Every generation has its counterculture. For the 1950s, that came in the form of a black-clad, poetry-reading set: the beatniks. Beatniks were typically urban literary intellectuals who wrote and performed in acts of spontaneous creativity, often accompanying the spoken word with music. They encouraged people to freely express individual beliefs and desires. Much to the chagrin of the era's establishment, those beliefs often fostered anti-conformist tendencies, like experimentation with drugs, mysticism and sex.
The Beat generation left a lasting impression on America's arts and literature. Some of their most celebrated literary works include Jack Kerouac's "On the Road" (1957), Allen Ginsberg's "Howl" (1956) and William S. Burroughs' "Naked Lunch" (1959). These artists shunned traditional approaches to syntax, subject matter and vocabulary, preferring to play with language using street slang and inventive free-form verse that chaffed the rules of literary conventions [source: Thirteen/WNET New York].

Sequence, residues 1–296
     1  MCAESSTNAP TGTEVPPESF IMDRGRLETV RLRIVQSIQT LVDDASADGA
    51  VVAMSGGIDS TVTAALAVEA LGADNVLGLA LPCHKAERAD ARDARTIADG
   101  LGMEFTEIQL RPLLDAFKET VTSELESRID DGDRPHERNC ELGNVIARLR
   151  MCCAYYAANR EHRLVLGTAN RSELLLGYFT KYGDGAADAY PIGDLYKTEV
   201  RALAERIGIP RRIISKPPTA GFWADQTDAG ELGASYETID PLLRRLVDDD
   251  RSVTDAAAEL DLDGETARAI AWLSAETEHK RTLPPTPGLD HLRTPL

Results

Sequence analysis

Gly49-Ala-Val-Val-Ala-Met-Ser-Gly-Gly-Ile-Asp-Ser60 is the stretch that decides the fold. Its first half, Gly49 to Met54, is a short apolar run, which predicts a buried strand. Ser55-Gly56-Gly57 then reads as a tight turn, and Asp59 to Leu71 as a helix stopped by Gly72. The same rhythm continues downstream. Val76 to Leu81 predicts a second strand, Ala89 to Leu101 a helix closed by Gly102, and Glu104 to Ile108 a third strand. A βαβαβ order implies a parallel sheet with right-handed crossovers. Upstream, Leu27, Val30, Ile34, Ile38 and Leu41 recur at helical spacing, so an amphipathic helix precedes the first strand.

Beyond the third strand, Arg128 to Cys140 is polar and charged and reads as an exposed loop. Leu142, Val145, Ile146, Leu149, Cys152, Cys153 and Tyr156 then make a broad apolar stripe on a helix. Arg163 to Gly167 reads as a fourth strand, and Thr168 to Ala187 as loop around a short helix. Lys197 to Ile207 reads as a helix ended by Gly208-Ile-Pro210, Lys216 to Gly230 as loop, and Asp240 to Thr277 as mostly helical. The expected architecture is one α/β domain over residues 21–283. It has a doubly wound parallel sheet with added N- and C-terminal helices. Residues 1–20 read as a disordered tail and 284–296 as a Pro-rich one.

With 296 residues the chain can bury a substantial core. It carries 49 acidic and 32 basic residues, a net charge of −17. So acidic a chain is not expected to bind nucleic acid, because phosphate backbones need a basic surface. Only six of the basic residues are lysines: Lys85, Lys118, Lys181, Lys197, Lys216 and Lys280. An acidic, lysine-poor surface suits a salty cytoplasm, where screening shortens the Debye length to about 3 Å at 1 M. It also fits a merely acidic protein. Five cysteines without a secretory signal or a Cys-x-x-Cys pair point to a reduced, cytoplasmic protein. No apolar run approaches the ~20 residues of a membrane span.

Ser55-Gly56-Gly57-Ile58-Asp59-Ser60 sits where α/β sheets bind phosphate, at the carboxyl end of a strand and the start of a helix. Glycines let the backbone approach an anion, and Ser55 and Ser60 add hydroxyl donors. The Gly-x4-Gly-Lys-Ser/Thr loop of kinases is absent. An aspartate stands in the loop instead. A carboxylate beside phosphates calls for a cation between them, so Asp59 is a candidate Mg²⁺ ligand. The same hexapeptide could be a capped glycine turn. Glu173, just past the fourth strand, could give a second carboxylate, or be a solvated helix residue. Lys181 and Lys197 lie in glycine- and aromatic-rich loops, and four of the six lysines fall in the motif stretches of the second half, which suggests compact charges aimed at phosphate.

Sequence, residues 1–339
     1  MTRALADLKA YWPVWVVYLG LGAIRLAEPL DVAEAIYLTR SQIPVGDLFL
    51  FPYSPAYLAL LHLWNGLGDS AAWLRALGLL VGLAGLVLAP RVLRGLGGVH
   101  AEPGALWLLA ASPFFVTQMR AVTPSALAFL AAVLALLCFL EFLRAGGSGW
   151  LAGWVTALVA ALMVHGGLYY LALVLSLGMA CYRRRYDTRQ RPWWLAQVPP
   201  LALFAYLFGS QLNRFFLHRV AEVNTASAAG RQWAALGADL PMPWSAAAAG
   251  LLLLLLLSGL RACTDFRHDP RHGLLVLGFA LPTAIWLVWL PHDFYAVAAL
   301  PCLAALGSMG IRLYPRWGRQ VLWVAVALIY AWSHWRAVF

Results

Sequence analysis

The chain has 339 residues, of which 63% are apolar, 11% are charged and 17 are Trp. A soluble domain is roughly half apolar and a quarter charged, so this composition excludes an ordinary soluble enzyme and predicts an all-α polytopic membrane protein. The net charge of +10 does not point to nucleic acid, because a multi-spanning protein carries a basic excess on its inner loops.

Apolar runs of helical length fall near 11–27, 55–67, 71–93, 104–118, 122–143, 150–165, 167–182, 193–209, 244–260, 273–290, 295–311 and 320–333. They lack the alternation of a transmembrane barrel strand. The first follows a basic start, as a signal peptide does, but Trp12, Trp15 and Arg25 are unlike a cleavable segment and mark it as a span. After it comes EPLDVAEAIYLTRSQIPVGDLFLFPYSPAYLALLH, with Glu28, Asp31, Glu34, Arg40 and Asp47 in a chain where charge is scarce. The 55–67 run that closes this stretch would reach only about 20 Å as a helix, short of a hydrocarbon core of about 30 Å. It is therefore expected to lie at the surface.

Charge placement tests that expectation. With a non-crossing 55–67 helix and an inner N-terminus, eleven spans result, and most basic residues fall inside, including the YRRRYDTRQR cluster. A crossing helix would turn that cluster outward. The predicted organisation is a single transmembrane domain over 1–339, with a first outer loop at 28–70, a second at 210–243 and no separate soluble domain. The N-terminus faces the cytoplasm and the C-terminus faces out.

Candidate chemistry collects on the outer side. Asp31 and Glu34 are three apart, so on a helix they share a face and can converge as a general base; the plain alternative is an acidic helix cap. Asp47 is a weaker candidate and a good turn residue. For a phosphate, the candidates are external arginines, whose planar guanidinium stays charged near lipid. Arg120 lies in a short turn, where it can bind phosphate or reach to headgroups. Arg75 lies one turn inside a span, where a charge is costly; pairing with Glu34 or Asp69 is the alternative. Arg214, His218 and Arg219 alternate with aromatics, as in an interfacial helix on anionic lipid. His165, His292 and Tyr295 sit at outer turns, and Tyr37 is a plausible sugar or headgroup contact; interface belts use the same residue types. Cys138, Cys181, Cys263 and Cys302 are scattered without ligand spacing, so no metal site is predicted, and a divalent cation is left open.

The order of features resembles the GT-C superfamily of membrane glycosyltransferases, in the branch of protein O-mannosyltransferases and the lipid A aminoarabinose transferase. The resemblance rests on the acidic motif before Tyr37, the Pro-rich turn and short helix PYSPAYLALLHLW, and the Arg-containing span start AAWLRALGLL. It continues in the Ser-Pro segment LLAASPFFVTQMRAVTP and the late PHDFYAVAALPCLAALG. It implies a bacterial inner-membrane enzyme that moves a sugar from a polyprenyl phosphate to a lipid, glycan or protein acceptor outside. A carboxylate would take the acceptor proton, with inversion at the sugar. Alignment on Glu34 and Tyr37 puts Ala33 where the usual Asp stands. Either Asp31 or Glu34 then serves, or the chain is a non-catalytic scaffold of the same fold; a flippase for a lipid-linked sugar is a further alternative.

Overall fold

Some historians credit the Beat movement with sowing the seeds of the flower power generation of the 1960s. The beatniks' dark berets, sunglasses and goatees were a far cry from the long hair, colorful clothes and psychedelic consciousness that came to define the era that followed the 1950s. But the alternative, rebellious lifestyles promoted by the hippie generation owe a debt of inspiration to the subversive creativity that the Beatniks promoted.